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Analyst's Forecast Speeds Broadcom Stock Free Fall

Semiconductors: Shares of Irvine company are under $100 for first time since last December. Firm stands by earnings estimate.

November 28, 2000|From Bloomberg News

Broadcom Corp.'s stock was pummeled again Monday after an analyst said he expects shares of the No. 1 maker of chips for cable modems to rise less than he previously forecast.

The stock slumped $19.56 a share, or 17%, to $97.56 in heavy Nasdaq trading, falling below $100 for the first time since last December. More than 19 million shares changed hands, making Broadcom one of the most active stocks in U.S. markets.

In the last three weeks, the Irvine company has seen its shares lose more than half their value, erasing about $29 billion in market value.

Salomon Smith Barney analyst Clark Westmont told clients Monday that he expects Broadcom shares to rise to $200, down from an earlier target of $300.

In a morning research note, he cited "signs of flattening orders in Broadcom's supply chain, inventory concerns in the digital cable sector, and overall valuation compression in the communications (chip) arena."

Robb Parlanti, senior portfolio manager at Turner Investment Partners in Pennsylvania, said the market "has to get comfortable with more of a reasonable valuation" on the shares. His firm sold all its Broadcom shares this month.

Westmont wasn't available for further comment. Broadcom officials declined to comment.

Earlier this month, Broadcom Chief Executive Henry T. Nicholas III said he remained comfortable with analysts' earnings estimates of 31 cents a share for the current quarter.

"Our business in broadband communications and enterprise networking chips continues to be strong, and nothing has occurred to reduce our confidence," Nicholas said in a news release Nov. 9.

Shares of Broadcom and other makers of semiconductors for telecommunications equipment have declined this month on concern that customers such as Cisco Systems Inc. will order fewer chips after accumulating too much inventory.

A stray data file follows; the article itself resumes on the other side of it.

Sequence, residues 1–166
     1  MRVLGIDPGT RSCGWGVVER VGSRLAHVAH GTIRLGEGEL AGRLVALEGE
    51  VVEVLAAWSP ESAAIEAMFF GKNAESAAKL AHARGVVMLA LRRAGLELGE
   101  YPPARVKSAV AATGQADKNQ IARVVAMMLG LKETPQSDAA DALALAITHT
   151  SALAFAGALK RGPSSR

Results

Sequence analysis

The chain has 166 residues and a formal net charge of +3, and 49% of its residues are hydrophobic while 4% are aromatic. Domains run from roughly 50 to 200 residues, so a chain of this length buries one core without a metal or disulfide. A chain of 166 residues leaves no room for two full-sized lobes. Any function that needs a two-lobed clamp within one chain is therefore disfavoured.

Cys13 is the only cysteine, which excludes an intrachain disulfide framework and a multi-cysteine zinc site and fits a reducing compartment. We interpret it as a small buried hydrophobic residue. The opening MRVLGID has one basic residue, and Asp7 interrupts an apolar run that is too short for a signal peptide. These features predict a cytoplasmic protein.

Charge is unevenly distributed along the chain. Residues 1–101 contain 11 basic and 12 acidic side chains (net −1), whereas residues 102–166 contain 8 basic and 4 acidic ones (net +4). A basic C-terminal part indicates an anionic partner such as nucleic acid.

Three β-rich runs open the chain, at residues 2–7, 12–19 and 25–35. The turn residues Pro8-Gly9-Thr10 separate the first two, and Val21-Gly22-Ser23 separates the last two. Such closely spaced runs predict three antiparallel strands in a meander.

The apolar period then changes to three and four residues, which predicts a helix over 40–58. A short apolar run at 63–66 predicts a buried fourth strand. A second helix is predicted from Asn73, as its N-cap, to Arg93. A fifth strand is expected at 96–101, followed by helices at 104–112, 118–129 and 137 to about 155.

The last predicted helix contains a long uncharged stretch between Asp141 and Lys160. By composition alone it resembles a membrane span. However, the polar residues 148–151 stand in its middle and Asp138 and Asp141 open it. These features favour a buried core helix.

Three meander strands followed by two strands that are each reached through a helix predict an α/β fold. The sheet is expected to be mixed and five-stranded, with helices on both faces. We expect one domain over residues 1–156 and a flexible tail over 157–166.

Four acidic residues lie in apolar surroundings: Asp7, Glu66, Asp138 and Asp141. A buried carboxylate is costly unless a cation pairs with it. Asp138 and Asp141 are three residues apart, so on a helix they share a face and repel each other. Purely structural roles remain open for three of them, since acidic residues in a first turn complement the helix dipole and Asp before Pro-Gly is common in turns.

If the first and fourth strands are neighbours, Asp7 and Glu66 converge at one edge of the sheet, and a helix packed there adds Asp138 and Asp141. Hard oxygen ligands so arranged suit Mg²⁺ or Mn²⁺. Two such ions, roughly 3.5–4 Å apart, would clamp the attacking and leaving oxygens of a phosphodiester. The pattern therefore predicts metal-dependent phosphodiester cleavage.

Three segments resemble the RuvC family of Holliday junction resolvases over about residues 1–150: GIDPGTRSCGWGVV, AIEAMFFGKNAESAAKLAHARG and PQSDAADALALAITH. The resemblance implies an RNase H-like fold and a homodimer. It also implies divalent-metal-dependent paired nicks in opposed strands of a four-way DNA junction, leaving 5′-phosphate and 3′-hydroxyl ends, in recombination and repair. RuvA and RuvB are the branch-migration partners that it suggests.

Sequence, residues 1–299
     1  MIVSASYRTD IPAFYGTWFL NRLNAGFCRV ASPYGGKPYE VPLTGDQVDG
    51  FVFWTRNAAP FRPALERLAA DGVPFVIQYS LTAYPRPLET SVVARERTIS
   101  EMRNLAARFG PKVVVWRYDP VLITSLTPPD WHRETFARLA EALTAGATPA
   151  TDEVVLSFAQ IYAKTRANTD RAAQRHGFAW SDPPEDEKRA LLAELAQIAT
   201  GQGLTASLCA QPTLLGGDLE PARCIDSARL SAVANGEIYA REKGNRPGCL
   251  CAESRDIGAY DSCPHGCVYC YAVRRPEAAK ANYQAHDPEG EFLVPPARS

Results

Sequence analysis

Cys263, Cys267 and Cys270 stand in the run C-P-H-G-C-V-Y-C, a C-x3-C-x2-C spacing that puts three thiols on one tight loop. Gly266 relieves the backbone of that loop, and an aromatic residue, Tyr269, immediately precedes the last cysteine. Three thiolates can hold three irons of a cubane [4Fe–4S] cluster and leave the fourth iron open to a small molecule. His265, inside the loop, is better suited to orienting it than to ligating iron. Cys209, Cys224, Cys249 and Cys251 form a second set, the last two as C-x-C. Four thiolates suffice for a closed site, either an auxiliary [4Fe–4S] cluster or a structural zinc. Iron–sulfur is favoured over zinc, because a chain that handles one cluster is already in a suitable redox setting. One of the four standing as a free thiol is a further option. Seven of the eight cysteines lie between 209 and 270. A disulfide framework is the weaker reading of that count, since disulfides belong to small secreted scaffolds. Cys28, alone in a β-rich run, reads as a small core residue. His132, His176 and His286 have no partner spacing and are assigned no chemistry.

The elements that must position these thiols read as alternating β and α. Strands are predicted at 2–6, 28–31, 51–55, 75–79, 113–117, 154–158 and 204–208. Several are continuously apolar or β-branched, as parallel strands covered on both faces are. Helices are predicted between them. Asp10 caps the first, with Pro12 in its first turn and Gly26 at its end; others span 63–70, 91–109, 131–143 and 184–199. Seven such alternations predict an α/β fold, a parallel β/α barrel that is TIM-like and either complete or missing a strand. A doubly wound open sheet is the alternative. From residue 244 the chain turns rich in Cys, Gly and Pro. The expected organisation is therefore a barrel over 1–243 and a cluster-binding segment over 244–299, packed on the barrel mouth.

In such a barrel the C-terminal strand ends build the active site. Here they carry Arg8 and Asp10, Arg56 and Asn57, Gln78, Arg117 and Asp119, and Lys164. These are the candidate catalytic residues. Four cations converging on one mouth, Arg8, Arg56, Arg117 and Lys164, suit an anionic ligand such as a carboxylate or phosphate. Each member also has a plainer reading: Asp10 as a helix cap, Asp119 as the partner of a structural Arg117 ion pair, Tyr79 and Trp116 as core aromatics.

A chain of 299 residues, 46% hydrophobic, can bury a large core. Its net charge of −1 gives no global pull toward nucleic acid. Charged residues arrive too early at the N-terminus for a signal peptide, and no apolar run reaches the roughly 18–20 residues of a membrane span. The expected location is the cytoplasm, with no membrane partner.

Investors also said Broadcom's stock was under siege because of AT&T Corp.'s decision last week to halt purchases of cable television gear, saying it had enough to meet needs through this year. That's raising concern that demand for digital cable set-top boxes that use Broadcom chips could slow, said Waddell & Reed Financial Inc. analyst Venu Reddy.

"Previously, people were expecting Broadcom to be in pretty decent shape in the set-top box market. Now, if questions are being raised as to whether 35% of (Broadcom's) revenues are safe, people lose confidence," said Reddy, whose firm owns about 633,000 shares of Broadcom.

Parlanti said he's still upbeat and doesn't "think it's the death knell for the cable industry or Broadcom or anything like that."

"Analysts have been taking down their (price) targets on stocks all over the place," he said. "If somebody's selling just because he (Westmont) lowered his target, they're selling for the wrong reasons."

Westmont also reiterated his "buy" rating on Broadcom shares and said, according to the morning Salomon research note, that "any fundamental problems will be short-lived."

Stocks of two Broadcom rivals also sagged Monday. Shares of PMC-Sierra Inc. fell $10.75, or 9.5%, to $102.69, while Applied Micro Circuits Corp. stock dropped $6.38, or 11%, to $51.13.

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